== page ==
Water Conservation Gardening Tips

Water Conservation

That completes the nuts and bolts of watering plants but there’s still another topic well worth looking at — water conservation. This is becoming increasingly important with the explosion in the number of water consumers and, let’s face it, the downright waste that one often sees going on in industry. Water is a commodity and has a value, but you wouldn’t think so to see the way it’s sometimes used.

On occasions, watering the garden becomes essential but a lot can be done to make better use of the water that is already in the soil. First of all, there are soil cultivations. As we’ve seen, if roots are able to penetrate deeply they are far better able to reach the cool and moist soil that lies beneath them. This is made possible by keeping the soil open, by one means or another. Occasional double digging and plenty of bulky organic matter are the main ways. Then there is the natural action of organic matter in the soil. If this is kept at a high level by the regular addition of garden compost, the water holding capacity of a sandy soil will be greatly increased.

Water-Conservation-Gardening-Tips.jpg Another good way of conserving moisture is by putting down a good, thick 3-4in (8-10cm) mulch of compost, peat or bark between standing plants. This will help enormously in preventing evaporation at the surface. It must, however, be applied when the soil is already moist or it will simply act as a mackintosh and actually prevent rain reaching the soil, making you worse off than before.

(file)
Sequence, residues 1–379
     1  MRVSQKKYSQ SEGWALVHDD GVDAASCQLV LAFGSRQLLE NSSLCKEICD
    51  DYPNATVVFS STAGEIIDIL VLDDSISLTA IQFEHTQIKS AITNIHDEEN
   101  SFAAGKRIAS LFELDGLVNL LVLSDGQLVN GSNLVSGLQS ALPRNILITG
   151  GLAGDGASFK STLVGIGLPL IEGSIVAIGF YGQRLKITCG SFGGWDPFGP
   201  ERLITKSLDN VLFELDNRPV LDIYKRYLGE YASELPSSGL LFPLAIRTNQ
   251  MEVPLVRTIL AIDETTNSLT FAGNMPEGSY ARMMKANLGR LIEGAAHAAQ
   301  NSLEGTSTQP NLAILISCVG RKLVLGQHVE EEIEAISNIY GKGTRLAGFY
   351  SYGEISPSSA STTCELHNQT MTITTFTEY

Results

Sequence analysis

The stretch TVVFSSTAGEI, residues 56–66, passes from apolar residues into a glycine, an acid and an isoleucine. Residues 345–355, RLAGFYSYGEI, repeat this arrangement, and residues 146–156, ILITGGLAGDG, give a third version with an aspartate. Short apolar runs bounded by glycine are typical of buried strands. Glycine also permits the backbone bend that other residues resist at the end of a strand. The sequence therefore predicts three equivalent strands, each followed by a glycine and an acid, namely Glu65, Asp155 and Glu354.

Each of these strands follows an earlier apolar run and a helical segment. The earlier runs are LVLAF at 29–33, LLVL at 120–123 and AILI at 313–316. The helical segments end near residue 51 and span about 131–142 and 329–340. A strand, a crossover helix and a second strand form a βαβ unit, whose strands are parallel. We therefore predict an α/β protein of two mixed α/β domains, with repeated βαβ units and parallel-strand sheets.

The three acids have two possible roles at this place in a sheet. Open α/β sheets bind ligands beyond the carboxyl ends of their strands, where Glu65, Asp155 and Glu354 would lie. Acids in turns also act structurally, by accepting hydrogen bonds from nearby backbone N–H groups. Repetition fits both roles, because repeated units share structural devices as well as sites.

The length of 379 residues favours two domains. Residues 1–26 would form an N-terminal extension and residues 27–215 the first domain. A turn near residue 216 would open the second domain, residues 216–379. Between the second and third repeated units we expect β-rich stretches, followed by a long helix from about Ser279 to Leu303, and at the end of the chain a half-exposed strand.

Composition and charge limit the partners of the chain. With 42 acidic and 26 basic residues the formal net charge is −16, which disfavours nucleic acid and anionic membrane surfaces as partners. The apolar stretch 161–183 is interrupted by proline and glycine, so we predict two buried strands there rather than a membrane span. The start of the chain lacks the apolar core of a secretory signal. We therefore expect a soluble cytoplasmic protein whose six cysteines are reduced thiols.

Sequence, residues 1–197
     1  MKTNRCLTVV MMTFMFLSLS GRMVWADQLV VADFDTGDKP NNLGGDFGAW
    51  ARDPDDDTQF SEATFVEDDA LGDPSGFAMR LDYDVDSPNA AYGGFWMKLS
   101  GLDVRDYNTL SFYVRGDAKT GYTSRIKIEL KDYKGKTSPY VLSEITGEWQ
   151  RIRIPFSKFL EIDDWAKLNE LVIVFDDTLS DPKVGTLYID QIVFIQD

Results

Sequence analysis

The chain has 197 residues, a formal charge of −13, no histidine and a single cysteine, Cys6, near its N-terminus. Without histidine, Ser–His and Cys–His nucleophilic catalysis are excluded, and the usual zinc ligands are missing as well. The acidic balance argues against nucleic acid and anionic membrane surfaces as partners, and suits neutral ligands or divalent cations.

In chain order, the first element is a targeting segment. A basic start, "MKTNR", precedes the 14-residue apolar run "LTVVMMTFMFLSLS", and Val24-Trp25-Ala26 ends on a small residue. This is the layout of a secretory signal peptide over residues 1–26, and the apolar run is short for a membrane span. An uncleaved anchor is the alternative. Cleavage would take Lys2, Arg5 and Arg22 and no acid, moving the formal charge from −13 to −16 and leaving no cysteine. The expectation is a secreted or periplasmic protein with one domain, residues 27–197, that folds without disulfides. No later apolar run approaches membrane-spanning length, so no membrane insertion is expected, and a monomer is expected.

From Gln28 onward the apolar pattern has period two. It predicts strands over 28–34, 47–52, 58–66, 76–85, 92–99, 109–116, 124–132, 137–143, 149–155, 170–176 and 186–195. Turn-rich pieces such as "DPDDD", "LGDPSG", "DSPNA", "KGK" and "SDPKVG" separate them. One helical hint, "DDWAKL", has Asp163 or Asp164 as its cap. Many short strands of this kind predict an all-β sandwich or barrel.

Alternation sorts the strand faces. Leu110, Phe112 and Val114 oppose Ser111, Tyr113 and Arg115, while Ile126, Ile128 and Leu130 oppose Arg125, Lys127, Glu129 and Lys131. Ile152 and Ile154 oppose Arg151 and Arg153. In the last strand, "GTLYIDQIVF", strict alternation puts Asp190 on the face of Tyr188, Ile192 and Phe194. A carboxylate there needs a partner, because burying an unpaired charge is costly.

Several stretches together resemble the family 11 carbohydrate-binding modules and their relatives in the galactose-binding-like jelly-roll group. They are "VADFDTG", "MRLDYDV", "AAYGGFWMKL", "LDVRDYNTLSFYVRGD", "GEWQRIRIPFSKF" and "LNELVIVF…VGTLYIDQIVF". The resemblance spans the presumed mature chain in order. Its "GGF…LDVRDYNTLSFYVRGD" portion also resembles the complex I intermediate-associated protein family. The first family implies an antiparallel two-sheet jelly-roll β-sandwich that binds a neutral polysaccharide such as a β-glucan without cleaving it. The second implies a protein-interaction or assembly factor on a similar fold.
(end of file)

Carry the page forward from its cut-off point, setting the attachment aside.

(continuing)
Black polythene is also a good mulch, in that it prevents evaporation and suppresses weeds; but it doesn’t add organic matter to the soil, as the previous kinds do.

Incidentally, the belief that shallow surface hoeing helps in water conservation by creating a ‘dust mulch’ doesn’t really hold water; if you’ll excuse the pun. A firm surface is better because it allows a fuller root-run for the plants and enables the very important surface roots to make use of every available cubic inch of soil in their search for water. On the plus side, hoeing is definitely a good practice when it is directed at weed control; weeds will use more water than is lost by shallow hoeing.

Planting firmly and keeping the soil well consolidated will do a great deal of good, especially on light land. Something else we can do is keep the garden well sheltered from strong winds. No matter what direction they come from, winds will dry out the plants and the soil surface quicker than pretty well anything else.

Vegetables sown or planted in the autumn are far less likely to succumb to drought the following summer because they will be well established and many will be approaching maturity by the time the danger period is on them in the early summer.

It may sound odd but correct watering can actually save water. For example, we have already seen that evening watering allows the water to soak right down into the soil whereas, with midday watering, a fair amount of it will be evaporated.

Watering seeds and seedlings with a watering can is much more economical than with a sprinkler; and frequently it does more good.

Although water is vital, we can do a lot to reduce the amount we have to administer simply by using it wisely and economically and by ensuring that none is wasted.


06. March 2011 by admin
Categories: Vegetable Gardening | Tags: , , | Comments Off on Water Conservation Gardening Tips


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